Obviously, it’s not like the school didn’t address the situation—for the life of me, I simply can’t refer to this whole thing as a “crime.” The school’s resource officer spoke with both the boy and the girl, and decided not to charge her, again because the boy didn’t want her charged. The girl was suspended from school however, which seems a bit harsh, but the school wanted to teach her the importance of respecting her fellow students’ right to privacy and personal boundaries, and they felt that a suspension was the best way to do so. A detention or two would have been appropriate, perhaps. Regardless, the school’s policies were followed, and resulted in punishment for the girl, which is exactly how the system is supposed to work.

But that wasn’t enough for helicopter mom. The boy’s mother felt that being suspended from school wasn’t punishment enough for the young batterer who had so grievously assaulted her defenseless son. She contacted police, and demanded that the girl be arrested and charged with battery, much to her son’s chagrin, I’m sure. The officer who arrested the young girl expressed regret over the situation, but had no choice but to have the girl booked.

The state’s attorney has said that the young girl will now have to complete community service, submit to drug tests and complete a diversion program. If she complies, all the charges will eventually be dropped.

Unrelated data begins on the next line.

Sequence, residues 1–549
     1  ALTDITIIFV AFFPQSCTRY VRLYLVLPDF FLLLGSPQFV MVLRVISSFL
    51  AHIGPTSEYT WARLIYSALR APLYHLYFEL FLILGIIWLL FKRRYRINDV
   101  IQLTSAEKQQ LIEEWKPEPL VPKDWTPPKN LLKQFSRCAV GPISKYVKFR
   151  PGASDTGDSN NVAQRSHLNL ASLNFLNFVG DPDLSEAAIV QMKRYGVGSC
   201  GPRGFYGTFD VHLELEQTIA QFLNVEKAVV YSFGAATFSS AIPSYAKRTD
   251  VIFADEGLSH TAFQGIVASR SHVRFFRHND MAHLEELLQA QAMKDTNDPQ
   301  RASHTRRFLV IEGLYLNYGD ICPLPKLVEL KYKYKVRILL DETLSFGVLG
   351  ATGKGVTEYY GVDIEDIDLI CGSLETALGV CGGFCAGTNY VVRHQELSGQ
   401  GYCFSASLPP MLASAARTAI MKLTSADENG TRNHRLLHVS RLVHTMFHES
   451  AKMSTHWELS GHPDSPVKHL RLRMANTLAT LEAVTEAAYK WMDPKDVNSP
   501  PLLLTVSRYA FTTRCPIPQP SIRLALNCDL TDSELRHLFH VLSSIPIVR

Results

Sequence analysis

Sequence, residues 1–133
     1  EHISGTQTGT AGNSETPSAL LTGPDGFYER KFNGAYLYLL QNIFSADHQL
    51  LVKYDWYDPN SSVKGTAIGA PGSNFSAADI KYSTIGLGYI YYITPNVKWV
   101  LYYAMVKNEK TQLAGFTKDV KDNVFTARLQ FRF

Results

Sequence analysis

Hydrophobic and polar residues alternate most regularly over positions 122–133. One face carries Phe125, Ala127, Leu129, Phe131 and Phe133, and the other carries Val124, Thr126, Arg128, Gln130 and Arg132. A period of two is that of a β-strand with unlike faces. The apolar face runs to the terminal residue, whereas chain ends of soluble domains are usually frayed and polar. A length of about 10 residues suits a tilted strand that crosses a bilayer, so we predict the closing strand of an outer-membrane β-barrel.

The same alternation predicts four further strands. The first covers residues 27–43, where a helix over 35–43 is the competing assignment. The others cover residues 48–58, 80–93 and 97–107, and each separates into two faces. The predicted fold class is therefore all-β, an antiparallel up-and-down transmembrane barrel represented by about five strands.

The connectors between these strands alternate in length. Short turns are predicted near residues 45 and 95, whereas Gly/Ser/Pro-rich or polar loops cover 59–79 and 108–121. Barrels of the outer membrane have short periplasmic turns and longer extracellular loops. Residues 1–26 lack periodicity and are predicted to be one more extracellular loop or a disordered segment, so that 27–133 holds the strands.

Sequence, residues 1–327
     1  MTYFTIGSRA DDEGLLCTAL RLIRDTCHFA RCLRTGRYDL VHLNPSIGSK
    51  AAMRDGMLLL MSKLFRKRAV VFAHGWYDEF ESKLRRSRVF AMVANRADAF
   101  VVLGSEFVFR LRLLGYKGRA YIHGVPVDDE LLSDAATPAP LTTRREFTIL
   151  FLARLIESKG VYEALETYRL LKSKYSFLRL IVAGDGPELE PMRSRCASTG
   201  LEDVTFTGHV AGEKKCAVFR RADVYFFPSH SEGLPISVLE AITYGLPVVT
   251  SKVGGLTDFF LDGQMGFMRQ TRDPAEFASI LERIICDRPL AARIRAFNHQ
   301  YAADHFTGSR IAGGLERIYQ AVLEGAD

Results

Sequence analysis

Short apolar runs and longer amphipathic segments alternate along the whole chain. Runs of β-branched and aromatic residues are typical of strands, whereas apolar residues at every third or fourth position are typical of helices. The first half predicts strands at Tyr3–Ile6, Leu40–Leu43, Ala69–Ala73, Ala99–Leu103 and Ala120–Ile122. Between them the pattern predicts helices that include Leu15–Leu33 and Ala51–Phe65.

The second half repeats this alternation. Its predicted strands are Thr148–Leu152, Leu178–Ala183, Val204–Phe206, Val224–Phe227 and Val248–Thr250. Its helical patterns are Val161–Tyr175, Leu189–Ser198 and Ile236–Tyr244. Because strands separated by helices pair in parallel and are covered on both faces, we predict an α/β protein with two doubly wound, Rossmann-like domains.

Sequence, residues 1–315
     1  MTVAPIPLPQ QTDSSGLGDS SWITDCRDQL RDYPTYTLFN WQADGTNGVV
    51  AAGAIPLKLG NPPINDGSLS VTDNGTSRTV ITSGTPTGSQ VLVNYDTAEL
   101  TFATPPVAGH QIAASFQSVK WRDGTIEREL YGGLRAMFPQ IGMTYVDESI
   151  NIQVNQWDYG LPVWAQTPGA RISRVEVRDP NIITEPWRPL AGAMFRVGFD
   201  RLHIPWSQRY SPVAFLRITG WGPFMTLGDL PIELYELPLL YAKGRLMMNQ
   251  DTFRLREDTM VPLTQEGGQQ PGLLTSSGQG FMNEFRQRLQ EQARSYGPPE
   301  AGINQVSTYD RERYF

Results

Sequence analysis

“I’m sorry my kid touched your kid but I’m sorry—because you need some help I think, too overprotective—let your kid be your kid, he might get some friends and that’s all I have to say,” said the girl’s father.

I’m not arguing that the girl shouldn’t have been punished. Part of the job of our schools is instructing young people in how people behave in a society, and part of that is being taught to respect another person’s rights to not be bullied, or harassed or pinched on the butt.

But another part of raising our children is teaching them that, in a reasonably just world, the punishment should fit the crime. People make mistakes, and young people tend to make more mistakes than others. And having a 12-year-old arrested and jailed for the “crime” of pinching a boy’s butt is nothing more than the act of an unreasonable, overprotective and out-of-control parent.

Tim Walker is 50 and a writer, DJ and local musician. He lives with his wife and their two children in Dayton, where he enjoys pizza, jazz and black t-shirts.

Butt out

By Mike Snead